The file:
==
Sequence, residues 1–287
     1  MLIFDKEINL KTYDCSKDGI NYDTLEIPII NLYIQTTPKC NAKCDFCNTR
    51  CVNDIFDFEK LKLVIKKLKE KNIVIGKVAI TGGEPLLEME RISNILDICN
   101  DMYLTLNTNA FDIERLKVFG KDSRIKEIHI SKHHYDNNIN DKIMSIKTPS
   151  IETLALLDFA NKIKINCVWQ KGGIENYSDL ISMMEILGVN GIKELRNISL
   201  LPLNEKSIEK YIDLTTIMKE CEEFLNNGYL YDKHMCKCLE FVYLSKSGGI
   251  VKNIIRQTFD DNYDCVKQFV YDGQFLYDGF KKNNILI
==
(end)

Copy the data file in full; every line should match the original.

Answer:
Sequence, residues 1–287
     1  MLIFDKEINL KTYDCSKDGI NYDTLEIPII NLYIQTTPKC NAKCDFCNTR
    51  CVNDIFDFEK LKLVIKKLKE KNIVIGKVAI TGGEPLLEME RISNILDICN
   101  DMYLTLNTNA FDIERLKVFG KDSRIKEIHI SKHHYDNNIN DKIMSIKTPS
   151  IETLALLDFA NKIKINCVWQ KGGIENYSDL ISMMEILGVN GIKELRNISL
   201  LPLNEKSIEK YIDLTTIMKE CEEFLNNGYL YDKHMCKCLE FVYLSKSGGI
   251  VKNIIRQTFD DNYDCVKQFV YDGQFLYDGF KKNNILI